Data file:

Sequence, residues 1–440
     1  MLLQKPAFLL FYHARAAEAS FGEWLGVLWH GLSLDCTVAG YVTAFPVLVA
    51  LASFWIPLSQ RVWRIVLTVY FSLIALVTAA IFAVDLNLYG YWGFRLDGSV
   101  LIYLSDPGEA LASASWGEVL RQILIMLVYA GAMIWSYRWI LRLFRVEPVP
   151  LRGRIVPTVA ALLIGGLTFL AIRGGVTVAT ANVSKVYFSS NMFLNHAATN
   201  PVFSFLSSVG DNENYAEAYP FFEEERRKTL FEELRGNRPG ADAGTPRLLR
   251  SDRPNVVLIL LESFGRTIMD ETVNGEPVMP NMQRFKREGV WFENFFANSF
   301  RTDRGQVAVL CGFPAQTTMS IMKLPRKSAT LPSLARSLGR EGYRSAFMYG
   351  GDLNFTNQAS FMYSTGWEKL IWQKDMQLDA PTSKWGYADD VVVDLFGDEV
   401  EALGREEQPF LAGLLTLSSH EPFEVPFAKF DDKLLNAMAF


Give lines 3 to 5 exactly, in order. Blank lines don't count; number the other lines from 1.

    51  LASFWIPLSQ RVWRIVLTVY FSLIALVTAA IFAVDLNLYG YWGFRLDGSV
   101  LIYLSDPGEA LASASWGEVL RQILIMLVYA GAMIWSYRWI LRLFRVEPVP
   151  LRGRIVPTVA ALLIGGLTFL AIRGGVTVAT ANVSKVYFSS NMFLNHAATN